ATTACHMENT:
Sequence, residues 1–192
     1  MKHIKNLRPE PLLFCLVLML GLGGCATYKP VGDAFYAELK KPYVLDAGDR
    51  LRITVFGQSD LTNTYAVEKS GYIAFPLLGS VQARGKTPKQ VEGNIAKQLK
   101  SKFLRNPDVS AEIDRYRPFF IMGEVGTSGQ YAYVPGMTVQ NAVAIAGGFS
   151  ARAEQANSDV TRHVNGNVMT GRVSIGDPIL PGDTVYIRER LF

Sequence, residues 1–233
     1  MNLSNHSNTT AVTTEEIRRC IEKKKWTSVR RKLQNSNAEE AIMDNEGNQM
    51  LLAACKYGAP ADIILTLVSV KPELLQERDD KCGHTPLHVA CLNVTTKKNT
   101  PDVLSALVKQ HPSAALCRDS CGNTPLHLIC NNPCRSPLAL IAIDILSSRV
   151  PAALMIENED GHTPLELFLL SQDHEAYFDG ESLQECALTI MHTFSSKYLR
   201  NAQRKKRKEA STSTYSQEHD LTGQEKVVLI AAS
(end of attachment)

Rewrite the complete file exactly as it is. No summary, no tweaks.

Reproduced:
Sequence, residues 1–192
     1  MKHIKNLRPE PLLFCLVLML GLGGCATYKP VGDAFYAELK KPYVLDAGDR
    51  LRITVFGQSD LTNTYAVEKS GYIAFPLLGS VQARGKTPKQ VEGNIAKQLK
   101  SKFLRNPDVS AEIDRYRPFF IMGEVGTSGQ YAYVPGMTVQ NAVAIAGGFS
   151  ARAEQANSDV TRHVNGNVMT GRVSIGDPIL PGDTVYIRER LF

Sequence, residues 1–233
     1  MNLSNHSNTT AVTTEEIRRC IEKKKWTSVR RKLQNSNAEE AIMDNEGNQM
    51  LLAACKYGAP ADIILTLVSV KPELLQERDD KCGHTPLHVA CLNVTTKKNT
   101  PDVLSALVKQ HPSAALCRDS CGNTPLHLIC NNPCRSPLAL IAIDILSSRV
   151  PAALMIENED GHTPLELFLL SQDHEAYFDG ESLQECALTI MHTFSSKYLR
   201  NAQRKKRKEA STSTYSQEHD LTGQEKVVLI AAS